When push comes to shove, all five of these points boil down to the same core idea:

You ought always to look for a self-publishing company that puts you––the author––first.  A company that shares your ethics and vision for rendering stories accessible to readers.  A company that knows how to treat people right and does so consistently, day in and day out.

A company that works solely to satisfy its bottom line and invested parties is a company that has forgotten the human element … and the whole point of self-publishing, to be perfectly frank.  Responsibility to shareholders and investors is one thing, but the deliberate choice to inflate profits at the expense of quality products, customer satisfaction, and author empowerment is unconscionable and inexcusable.  I sometimes wonder how much of the corporate soullessness we see in certain corners of the world today has its roots in people not loving the work they do––not finding value and meaning in enriching the lives of others in addition to their own, and not seeing the significance of their daily tasks or the opportunities to craft a career that is as much art as it is science.  But here I’m rambling!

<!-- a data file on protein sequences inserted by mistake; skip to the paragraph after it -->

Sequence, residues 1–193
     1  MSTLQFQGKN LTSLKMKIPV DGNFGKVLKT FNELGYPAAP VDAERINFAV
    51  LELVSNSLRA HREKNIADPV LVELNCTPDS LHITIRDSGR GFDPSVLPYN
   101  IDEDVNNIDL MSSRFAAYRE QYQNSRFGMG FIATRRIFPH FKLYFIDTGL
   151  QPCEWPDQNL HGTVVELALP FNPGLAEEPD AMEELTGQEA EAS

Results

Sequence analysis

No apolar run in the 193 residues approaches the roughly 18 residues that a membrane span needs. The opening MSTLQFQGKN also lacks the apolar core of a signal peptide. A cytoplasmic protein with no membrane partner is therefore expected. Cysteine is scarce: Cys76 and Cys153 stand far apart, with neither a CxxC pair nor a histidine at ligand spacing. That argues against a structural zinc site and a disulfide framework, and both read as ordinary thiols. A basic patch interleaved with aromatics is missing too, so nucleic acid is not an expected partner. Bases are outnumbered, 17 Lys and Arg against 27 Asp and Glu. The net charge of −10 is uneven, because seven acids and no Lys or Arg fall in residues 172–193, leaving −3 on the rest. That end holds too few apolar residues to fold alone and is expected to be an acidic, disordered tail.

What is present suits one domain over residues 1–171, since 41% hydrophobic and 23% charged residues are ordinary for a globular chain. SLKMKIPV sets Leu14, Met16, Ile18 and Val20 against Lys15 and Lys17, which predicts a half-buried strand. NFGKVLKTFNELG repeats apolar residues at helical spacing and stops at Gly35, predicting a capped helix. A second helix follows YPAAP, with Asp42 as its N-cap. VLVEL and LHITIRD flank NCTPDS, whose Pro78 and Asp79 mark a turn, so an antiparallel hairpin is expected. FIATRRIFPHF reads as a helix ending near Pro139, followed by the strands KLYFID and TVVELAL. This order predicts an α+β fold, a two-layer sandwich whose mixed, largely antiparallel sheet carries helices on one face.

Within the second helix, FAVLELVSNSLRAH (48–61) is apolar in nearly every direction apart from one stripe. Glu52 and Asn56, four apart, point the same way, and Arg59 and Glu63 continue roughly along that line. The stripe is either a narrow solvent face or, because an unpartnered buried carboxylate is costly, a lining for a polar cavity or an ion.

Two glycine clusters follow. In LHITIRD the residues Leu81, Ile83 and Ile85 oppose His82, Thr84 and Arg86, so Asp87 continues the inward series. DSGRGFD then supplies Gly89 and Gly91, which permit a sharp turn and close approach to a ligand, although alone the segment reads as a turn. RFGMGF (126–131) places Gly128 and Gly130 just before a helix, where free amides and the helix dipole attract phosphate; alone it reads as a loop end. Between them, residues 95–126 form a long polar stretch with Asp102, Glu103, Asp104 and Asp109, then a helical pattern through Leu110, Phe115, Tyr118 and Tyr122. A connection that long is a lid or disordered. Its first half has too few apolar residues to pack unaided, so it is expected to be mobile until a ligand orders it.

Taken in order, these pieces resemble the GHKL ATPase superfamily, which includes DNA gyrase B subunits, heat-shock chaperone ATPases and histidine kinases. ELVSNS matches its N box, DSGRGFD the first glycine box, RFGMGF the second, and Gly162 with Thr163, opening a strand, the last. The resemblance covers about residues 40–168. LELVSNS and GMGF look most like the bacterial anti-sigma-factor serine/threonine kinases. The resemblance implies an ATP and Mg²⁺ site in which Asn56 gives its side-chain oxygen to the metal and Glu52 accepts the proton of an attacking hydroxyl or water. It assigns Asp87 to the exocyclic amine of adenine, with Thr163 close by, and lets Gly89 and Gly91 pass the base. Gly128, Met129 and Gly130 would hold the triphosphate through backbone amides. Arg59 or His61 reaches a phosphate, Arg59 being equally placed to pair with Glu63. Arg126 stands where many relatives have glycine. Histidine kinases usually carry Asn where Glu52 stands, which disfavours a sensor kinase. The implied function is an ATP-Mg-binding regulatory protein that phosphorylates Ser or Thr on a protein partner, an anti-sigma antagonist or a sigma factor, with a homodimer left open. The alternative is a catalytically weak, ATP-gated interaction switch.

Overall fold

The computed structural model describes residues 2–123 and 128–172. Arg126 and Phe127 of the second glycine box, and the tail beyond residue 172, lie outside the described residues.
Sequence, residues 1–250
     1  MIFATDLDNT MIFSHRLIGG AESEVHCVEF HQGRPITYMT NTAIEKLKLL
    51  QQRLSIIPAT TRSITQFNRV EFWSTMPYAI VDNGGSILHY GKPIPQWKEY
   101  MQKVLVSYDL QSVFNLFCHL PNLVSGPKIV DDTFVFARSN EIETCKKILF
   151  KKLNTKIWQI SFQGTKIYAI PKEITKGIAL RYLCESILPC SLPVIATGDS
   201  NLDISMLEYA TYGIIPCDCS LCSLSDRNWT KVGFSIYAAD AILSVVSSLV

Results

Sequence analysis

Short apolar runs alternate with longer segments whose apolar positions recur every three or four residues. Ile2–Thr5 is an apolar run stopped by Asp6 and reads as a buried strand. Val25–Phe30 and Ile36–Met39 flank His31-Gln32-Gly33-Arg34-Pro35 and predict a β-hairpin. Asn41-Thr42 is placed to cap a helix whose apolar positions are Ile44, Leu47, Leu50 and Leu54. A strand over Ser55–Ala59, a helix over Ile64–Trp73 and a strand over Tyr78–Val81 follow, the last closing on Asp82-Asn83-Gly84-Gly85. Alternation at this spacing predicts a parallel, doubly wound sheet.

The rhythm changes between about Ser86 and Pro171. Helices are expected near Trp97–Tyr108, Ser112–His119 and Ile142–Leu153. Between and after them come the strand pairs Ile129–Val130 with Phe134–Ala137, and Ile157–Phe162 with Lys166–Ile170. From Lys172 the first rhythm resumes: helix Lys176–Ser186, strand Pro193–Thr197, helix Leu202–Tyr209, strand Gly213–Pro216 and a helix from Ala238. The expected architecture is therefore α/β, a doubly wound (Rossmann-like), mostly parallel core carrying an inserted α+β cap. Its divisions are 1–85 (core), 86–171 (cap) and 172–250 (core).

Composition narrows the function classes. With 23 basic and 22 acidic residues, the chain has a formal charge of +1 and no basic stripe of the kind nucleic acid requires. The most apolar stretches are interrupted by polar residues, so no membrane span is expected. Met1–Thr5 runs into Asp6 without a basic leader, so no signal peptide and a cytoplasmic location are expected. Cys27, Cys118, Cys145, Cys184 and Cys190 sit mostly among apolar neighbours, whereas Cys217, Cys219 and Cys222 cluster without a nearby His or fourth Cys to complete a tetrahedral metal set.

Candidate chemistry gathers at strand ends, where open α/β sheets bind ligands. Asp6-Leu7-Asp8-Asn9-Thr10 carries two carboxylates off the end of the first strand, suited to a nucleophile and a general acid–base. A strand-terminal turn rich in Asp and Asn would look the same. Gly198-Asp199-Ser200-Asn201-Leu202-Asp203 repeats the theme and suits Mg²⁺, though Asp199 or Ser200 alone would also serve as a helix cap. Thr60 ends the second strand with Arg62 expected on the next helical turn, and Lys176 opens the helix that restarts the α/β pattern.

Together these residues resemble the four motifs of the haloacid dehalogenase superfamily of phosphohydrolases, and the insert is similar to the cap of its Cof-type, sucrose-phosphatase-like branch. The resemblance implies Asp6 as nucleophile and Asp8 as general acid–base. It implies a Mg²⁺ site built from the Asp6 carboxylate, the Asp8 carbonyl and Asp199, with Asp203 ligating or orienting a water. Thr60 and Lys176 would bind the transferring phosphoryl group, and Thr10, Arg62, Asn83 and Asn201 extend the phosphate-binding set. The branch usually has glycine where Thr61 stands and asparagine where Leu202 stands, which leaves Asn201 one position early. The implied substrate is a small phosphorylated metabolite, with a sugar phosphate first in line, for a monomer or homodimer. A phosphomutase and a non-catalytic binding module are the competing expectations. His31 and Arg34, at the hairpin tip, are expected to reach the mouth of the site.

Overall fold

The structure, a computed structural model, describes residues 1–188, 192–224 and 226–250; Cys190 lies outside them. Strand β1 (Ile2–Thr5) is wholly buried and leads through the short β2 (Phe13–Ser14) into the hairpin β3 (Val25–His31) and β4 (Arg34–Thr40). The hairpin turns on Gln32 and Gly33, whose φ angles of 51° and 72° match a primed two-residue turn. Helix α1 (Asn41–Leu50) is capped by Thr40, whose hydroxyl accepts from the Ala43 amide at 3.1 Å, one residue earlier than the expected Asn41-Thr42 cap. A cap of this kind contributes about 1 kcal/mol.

Looking back nearly six years to this original post, I now see the five mistakes noted above to be more a list of symptoms than a list of “to-not-dos” … because each and every single one points to a company that prioritizes itself over its product and clients:

  • If a company maximizes profits by creating artificially high prices that only seem reasonable when reduced to a bulk or “author-only” rate, it is clearly a company that cares very little about balancing the need for profit and survival in a competitive market with the reality that self-publishing is a market and industry that demands transparency, accessibility, and progressive thinking.  It is a company that looks to trap its customers into a long-term, toxic, parasitic relationship.
  • If a company prioritizes speed over a quality product or quality customer service, then it’s a company that sells itself using gimmicks … and gimmicks, as we are all well aware, are the desperate empty gestures of a company lacking imagination.  Innovation and creativity do not produce inferior versions of a thing; they find new and fresh ways to look at problems and to improve upon that thing.